Tag Archives: wetland mitigation

September Message from the Board

Dear Wetland Supporters,

In July, the National Mitigation and Ecosystem Banking Conference was held in Raleigh, NC.  This conference brings together numerous companies and individuals interested in ecosystem services and allows a platform to share ideas and explore opportunities.  The various attendees ranged from Departments of Transportation, federal and state regulatory and resource agencies, attorneys, contractors, consultants, practitioners, and capital providers. 

A lot of interest has been generated in the last few years with ongoing concerns around climate change, nature-based solutions, and resiliency.  A lot of money is being spent to pursue larger and more complex projects as carbon sequestration needs and water quality/quantity issues continue to rise.  We only need to look at the recent algal blooms on the Chowan and Pamlico River (NC), flooding and water quality issues in northern Pitt County (NC) and flooding issues in Bucksport area of Horry County (SC) as examples of the issues communities across the Carolinas are battling. 

Most of these issues developed over time as we continue to increase the amount of impervious surface, clear and drained wetlands, and build in floodplains. Solutions will require a holistic and multiple project approach that will take time and money to plan and implement.  Restored and natural wetlands are a vital part of holistic, watershed-based solutions by helping to improve water quality and attenuate flood waters. 

As demonstrated at the national mitigation conference, the science of wetlands continues to evolve.  We are continually improving how wetland restoration projects are implemented to ensure the development of functioning ecosystems and to better track the restoration progress. 

In the last thirty years of driving toward the Carolina coast, I have witnessed shifts in wetland systems due to beaver activity and saltwater intrusion.  These changes to wetland hydrology whether water quantity or water chemistry have changed these ecosystems.  Learning to implement holistic projects will help enhance the environment and protect communities with nature-based solutions.  As this evolution happens, a whole industry continues to grow around mitigation and ecosystem services and the push for alternative ways to lessen the impact of climate change and build resilient system to withstand the future.

Go explore a wetland!

Norton Webster, Treasurer

Carolina Wetlands Association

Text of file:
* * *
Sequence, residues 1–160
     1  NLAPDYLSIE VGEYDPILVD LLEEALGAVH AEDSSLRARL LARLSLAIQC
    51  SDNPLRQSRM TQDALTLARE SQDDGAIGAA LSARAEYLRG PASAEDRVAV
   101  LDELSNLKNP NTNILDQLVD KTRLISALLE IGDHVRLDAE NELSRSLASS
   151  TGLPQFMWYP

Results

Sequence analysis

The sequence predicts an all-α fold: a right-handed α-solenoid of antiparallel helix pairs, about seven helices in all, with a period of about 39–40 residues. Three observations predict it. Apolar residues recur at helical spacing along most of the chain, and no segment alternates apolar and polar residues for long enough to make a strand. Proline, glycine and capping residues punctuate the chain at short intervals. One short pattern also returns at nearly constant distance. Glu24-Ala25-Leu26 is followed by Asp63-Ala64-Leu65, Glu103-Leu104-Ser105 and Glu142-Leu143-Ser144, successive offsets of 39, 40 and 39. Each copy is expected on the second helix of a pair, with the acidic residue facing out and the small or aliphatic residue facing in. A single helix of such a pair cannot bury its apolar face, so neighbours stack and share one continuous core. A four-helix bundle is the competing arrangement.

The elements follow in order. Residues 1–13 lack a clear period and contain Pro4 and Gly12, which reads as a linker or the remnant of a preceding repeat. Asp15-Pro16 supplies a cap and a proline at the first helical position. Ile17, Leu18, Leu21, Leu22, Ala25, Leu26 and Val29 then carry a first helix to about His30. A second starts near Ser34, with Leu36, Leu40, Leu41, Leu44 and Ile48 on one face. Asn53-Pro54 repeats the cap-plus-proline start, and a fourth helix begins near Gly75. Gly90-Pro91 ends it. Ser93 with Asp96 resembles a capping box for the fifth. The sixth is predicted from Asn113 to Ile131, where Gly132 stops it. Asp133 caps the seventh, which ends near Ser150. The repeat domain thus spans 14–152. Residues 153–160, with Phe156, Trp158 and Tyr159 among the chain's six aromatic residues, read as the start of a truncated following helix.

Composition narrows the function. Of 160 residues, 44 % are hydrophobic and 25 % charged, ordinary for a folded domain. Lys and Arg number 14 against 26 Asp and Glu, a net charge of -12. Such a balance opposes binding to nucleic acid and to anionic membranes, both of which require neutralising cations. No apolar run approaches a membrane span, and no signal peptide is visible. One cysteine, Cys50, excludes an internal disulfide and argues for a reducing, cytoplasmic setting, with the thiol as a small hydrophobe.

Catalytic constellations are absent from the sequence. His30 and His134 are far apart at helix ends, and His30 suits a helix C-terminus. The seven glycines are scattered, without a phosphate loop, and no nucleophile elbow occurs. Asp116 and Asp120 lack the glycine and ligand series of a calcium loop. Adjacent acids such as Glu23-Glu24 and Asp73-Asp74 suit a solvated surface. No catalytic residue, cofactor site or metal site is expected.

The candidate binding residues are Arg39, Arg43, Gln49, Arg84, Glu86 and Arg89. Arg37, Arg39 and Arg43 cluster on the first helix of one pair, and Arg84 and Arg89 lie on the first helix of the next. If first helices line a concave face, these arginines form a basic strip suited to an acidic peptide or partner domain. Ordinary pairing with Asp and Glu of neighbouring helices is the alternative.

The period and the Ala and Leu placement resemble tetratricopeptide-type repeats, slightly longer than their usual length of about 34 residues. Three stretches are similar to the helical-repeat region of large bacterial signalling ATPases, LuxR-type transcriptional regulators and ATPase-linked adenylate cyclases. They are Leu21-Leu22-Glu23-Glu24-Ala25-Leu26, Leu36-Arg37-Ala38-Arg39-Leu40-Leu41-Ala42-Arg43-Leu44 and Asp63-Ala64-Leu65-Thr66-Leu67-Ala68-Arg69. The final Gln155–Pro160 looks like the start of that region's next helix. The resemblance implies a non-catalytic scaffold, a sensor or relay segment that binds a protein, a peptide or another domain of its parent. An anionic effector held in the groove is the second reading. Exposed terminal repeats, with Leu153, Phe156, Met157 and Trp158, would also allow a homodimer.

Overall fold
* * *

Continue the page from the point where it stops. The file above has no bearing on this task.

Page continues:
August Message from the Board

Greetings Wetland Supporters:

Summer is well upon us and so is work dealing with wetlands.  One such event was the National Mitigation and Ecosystem Banking Conference that was held in Raleigh, NC in July.  Mitigation and ecosystem banking is very important to maintain and increase the quality and quantity of wetlands across the United States.

First, impacts to wetlands due to development must be permitted by the state and federal regulatory agencies with the goal to avoid and minimize wetland impacts. When impacts can’t be avoided, the impacted wetland areas must be replaced or mitigated in size and function preferably in the same watershed.  Mitigation normally takes the form of restoration or creation. 

  • Creating a wetland means putting a wetland where one had not previously existed, and this is the most complex way to mitigate wetland impact.
  • Restoration means taking a damaged or degraded wetland and turning it back to a high functioning, high quality. Restoration can take on many forms such as improving or restoring hydrology (such as plugging ditches on the coast), planting native wetland vegetation, and connecting wetlands to other wetlands such as a salt marsh to the ocean.

So, what is ecosystem banking?  First ecosystems are more than wetlands and streams so what else may be mitigated?  There are some localities in the US where there are local ordinances that require impacts to entire ecosystems must also be mitigated.  There is such an ordinance in Hilton Head Island, SC. 

Banking refers to the process where wetlands, streams and other ecosystems are restored, and a bank of mitigation credit are established.   Restoration companies then these sell mitigation credits to the developer who want to impact a wetland, stream or other ecosystem.  This process of generating credits before the impact occur is an efficient way to mitigate impacts.

You will be hearing more about wetland restoration in the future due to some of the projects we are seeking funding and, we have recently formed a partnership with the SC Mitigation Association.  We will be exploring ways where we can benefit each other. 

Most of the sponsor of the Carolina Wetland Association are in the business of wetland mitigation; including our newest sponsor – the South Carolina Mitigation Association.  We look forward to working together on wetland education, outreach, and development opportunities.

Finally, while not mitigation-related, but our Volunteer Wetlands Monitoring Project has partnered with Wildnote to use their mobile data application to collect field data.  We will be testing to the best methods for citizen scientists to perform wetland monitoring.  We are both very excited to see how this works out.

So, go beat the heat and explore a cool shaded wetland.

Rick